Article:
Skyline Day

I’m all in favor of eating regional food. In Maine, it’s seafood all the way. In the Midwest — well, how about some Skyline Chili, which is totally unknown in New England?

Russell thought some Skyline would be a good way to celebrate Labor Day and our return to the heartland, and it was an inspired choice. I went in, as always, for a three-way and a cheese coney with everything, some extra crackers, and a large water with lemon.

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Home Of The Sailors

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Kish and I are up in Vermilion, Ohio for a family bridal shower. Because I’d rather thrust rusty screwdrivers under my fingernails than participate in a bridal shower, I’m spending a soggy Saturday knocking around the downtown area of Kish’s home town.

Vermilion is a cool place. Located right on Lake Erie, about halfway between Cleveland and Toledo, it’s got a clear nautical orientation. The high school football team is the Sailors, there are boats pretty much everywhere you look, and there’s a well-stocked bait shop right in the center of town. It’s one of the best places in the world to get a Lake Erie perch dinner — and anyone who has had a fresh, hot, fried Lake Erie perch dinner knows that’s the best fish you can eat, period.

Lake Erie is vast — it is a Great Lake, after all — and choppy on a day like today. A landlubber like me is endlessly fascinated by anchors, and masts, and rigging, and large mooring pylons that look massive enough to hold a freighter hard against a pier. They can be found in Vermilion in abundance. With its quaint buildings, white wooden frame houses by the lake, and the ever-present sound of water slapping against docks, Vermilion is like Ohio’s special little slice of New England.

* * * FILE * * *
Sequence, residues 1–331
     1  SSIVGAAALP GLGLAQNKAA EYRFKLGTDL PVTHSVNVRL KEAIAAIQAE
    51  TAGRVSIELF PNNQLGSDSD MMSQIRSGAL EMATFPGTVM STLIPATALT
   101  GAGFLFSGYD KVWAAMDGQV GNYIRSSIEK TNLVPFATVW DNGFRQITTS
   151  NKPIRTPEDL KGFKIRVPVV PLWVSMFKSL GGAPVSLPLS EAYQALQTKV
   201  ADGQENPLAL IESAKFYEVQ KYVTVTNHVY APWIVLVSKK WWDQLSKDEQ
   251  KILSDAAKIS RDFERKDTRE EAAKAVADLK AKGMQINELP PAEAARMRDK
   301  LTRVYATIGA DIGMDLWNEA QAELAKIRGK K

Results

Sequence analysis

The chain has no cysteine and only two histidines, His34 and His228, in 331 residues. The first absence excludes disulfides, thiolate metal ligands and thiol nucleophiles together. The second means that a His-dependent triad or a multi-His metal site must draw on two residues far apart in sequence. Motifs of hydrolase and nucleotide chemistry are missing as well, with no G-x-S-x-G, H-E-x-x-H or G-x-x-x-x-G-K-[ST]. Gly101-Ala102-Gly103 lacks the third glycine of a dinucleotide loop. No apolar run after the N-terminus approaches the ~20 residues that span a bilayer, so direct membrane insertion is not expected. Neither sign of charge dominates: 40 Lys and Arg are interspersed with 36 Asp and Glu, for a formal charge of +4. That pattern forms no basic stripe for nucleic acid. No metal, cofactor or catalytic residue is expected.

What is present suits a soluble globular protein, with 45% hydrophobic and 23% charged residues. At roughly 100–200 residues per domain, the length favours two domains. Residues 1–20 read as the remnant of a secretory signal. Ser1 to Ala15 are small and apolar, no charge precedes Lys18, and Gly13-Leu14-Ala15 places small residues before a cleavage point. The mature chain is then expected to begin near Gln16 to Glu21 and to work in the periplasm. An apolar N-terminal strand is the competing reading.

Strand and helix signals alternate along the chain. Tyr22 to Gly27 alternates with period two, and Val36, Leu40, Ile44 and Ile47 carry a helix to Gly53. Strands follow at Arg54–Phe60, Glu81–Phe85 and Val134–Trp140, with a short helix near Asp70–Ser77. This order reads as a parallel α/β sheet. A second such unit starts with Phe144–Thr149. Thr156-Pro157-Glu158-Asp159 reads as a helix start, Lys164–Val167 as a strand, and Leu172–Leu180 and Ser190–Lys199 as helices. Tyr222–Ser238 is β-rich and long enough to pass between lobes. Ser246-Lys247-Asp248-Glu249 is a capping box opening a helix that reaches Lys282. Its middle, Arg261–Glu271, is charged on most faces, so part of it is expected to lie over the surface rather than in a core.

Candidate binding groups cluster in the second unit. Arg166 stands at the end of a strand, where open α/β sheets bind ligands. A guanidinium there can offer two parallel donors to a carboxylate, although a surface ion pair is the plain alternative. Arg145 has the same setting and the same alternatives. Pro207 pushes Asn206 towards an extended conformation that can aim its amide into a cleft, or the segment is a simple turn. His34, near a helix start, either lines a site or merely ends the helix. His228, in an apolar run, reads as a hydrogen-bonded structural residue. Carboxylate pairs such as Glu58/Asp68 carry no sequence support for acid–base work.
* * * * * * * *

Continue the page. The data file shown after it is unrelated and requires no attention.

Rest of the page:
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On Stone Walls And Robert Frost

The Lake Champlain region of upstate New York feels, to me at least, more like New England than like the mid-Atlantic states.  It is separated from rustic northern Vermont only by the blue waters of the lake, and the signs of a New England approach to life are everywhere evident.

For example, you cannot take a walk on a country lane without seeing many stone walls, in various stages of repair and disrepair.  Some are clean and sharp-edged, some are rambling and covered with flowers, and others are vine-covered, weedy, and completely unattended, only a year or two away from full-scale collapse and a wholesale return to nature.

And who can see a stone wall without thinking of Robert Frost?  His wonderful poem of ruminations on stone walls, their inevitable decline and decay, and his annual meeting with his neighbor to replace the stones in their common wall, Mending Wall, begins as follows:

Something there is that doesn’t love a wall,
That sends the frozen-ground-swell under it,
And spills the upper boulders in the sun,
And makes gaps even two can pass abreast.

The poem is full of Frost’s curiousity and impishness.  It is too long to reprint in full in this post, but it is available here.  The poem famously concludes:

Before I built a wall I’d ask to know
What I was walling in or walling out,
And to whom I was like to give offence.
Something there is that doesn’t love a wall,
That wants it down.’ I could say ‘Elves’ to him,
But it’s not elves exactly, and I’d rather
He said it for himself. I see him there
Bringing a stone grasped firmly by the top
In each hand, like an old-stone savage armed.
He moves in darkness as it seems to me~
Not of woods only and the shade of trees.
He will not go behind his father’s saying,
And he likes having thought of it so well
He says again, “Good fences make good neighbors.